This is not a review.

This is not a review.

Bigger is not always better. And one size really doesn't fit all. I believe Apple was tossing around all of these cliches when they came up with the iPad Pro 9.7. I don't believe it is a reaction to iPad Pro sales. Even remix products take time to develop and execute.

I believe they had this one in the works for a while. They just know that size is an important factor in a device as personal as a tablet. The same is true for laptops and smartphones. It wouldn't surprise me if they were not done with size options. There are four sizes of laptop, and three sizes of smartphone. It makes sense for the iPad Pro to come in multiple sizes.

For many people, the iPad Pro 13 is just too big. It is a fairly small laptop, but a huge tablet. It all depends on how you plan to use it. For those who want a laptop with tablet functionality, the 13 is a good choice. For a tablet with laptop functionality, the 9.7 is where it's at.

The Real iPad

The tech community likes to have a clear idea of what is supposed to be the best, the high-end, the "real" product. Apple has blurred the lines. It is hard to know what the flagship Apple product is. Is it the Mac Pro, or the iMac 5K? Is it the 15" MacBook Pro or the 13"? Is it the iPhone 6S Plus, or the 6S?

Now, that confusion has been brought to the iPad line. Is it the iPad Pro 13, or the iPad Pro 9.7? The size and features do not make it clear. If you really want the top of the line device just for bragging rights, there is no easy way to decide which it is. Will the "real" iPad Pro please stand up.

Feature Un-parity

The decision would still be complicated if size was the only factor. But it's not. There are only a few differences. But they are meaningful. Here are some of the standouts:

  • The smaller iPad Pro has new screen tech with better color and that automatically adjusts the white balance to the surroundings. Whether or not it's useful, it's really cool.
  • The smaller iPad has much better cameras on both sides. It has all the features of the top of the line iPhone. The larger iPad is hobbled by comparison.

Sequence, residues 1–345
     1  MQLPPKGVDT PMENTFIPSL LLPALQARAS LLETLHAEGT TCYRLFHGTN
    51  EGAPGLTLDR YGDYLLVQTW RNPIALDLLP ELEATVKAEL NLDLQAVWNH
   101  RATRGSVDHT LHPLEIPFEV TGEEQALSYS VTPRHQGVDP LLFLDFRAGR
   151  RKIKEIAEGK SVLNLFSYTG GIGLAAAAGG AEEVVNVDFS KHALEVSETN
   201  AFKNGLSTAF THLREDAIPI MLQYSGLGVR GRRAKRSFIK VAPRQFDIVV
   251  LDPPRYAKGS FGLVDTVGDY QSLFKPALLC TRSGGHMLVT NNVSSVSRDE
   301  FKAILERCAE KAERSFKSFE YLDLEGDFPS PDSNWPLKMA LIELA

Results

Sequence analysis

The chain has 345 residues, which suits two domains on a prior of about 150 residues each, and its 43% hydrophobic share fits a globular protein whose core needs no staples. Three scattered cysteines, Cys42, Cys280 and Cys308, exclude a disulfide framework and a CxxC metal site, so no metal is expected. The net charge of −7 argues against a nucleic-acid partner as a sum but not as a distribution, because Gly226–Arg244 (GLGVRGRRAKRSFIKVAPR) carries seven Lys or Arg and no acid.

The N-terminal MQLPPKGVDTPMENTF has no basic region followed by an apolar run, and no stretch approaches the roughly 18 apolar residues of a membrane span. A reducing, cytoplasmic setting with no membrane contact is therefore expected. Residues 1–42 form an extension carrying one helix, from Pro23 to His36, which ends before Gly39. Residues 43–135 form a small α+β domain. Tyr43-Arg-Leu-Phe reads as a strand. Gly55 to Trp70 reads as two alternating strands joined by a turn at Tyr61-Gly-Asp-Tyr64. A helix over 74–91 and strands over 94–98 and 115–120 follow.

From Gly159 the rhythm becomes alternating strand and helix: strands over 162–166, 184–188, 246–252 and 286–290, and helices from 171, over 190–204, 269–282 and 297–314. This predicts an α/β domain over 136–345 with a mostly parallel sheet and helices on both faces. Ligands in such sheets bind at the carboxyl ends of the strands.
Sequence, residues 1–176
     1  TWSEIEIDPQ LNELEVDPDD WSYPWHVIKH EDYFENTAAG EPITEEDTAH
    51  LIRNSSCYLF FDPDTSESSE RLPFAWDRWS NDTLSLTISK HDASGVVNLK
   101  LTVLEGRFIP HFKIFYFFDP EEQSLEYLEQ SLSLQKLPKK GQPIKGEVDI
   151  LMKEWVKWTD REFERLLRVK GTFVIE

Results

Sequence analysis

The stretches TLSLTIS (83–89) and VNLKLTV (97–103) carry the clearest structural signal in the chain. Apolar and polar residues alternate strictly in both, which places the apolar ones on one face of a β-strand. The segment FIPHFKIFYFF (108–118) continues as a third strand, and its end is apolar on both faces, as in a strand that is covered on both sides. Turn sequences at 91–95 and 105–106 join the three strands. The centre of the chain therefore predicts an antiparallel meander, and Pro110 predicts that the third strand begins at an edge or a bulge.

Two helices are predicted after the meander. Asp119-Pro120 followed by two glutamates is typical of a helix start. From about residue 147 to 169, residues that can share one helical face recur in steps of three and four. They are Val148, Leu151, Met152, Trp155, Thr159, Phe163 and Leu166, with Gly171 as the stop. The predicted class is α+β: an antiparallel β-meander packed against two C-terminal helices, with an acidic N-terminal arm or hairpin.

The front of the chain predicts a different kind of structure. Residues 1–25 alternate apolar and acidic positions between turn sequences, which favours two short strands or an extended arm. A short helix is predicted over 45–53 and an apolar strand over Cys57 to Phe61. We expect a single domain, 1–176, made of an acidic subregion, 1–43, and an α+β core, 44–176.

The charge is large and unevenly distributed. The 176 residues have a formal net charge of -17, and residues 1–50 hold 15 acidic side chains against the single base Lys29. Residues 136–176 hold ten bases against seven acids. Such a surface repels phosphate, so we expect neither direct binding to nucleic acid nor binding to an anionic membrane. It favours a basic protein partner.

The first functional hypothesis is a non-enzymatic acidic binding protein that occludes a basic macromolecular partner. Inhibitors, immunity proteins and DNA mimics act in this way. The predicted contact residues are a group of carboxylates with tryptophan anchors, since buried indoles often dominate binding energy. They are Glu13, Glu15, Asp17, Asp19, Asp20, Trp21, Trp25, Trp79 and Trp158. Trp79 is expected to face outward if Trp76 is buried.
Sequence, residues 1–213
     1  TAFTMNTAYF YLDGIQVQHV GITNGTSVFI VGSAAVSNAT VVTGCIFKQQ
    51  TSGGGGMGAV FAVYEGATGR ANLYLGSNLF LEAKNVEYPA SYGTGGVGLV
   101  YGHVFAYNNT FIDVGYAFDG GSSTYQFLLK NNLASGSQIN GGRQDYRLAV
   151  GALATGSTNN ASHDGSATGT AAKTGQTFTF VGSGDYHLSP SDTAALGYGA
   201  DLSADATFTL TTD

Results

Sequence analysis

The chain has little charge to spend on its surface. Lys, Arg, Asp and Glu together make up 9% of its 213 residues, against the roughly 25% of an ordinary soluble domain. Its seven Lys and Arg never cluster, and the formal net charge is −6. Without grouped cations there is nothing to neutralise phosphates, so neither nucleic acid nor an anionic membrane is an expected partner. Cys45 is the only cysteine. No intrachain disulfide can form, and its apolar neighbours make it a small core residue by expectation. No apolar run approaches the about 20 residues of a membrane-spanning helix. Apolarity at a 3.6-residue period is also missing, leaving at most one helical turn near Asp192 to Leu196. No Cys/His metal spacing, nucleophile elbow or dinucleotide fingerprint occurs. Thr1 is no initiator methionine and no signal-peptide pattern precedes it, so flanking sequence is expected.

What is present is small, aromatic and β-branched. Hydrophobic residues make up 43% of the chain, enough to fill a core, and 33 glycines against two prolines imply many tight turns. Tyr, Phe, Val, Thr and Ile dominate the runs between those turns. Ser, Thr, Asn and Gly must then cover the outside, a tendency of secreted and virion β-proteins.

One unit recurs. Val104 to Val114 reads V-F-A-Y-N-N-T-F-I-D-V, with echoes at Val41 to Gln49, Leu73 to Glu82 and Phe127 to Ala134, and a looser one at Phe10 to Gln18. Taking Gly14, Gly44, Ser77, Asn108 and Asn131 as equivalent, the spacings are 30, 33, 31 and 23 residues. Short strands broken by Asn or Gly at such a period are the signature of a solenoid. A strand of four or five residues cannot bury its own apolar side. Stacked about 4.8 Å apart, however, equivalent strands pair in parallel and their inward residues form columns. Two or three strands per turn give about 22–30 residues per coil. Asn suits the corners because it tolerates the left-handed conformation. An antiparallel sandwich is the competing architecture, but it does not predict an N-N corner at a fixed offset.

• The larger iPad Pro has more ram and a higher clocked processor. It also accommodates a larger keyboard.

Size offers practical advantages and disadvantages to both. The smaller iPad is more portable and easier to hold for more comfortable inking sessions. The bigger iPad has a roomier canvas for inking, videos, and productivity. Make no mistake about it: This is not an easy decision.

The two iPads do not have feature parity. The smaller iPad is slightly under clocked and has less ram. But the performance may not be hurt because it has fewer pixels to push. That said, apps and webpages will have to be reloaded more often. In every other way, the smaller iPad has more advanced features.

Conclusion: Professional Grade

A lot of people have expressed dissatisfaction in the naming of this new iPad. They say that it confuses the line. They are not wrong if the only focus is the device. But I contend that the "Pro"in iPad Pro, is not about the device, and more about the user. Devices are not professional. Users are.

To me, and iPad Pro is a professional that uses an iPad as a part of their profession. At that point, it just becomes a matter of choosing the device that is the best tool for the job for which you need it.

If you want to replace the clipboard with which you walk around all day, the smaller machines makes more sense. The same is true if you scan a lot of documents using the camera. Any situation where you want to edit video and images on the same device use to capture, calls for the iPad Pro 9.7.

If you want a laptop-sized screen attached to a laptop-sized keyboard to do laptop-sized things, but running iOS, the original iPad Pro is still the one for you. If you want to have it all, you will just have to wait and see what Apple comes up with next, presumably, in about six months from the time of this writing.

David Johnson

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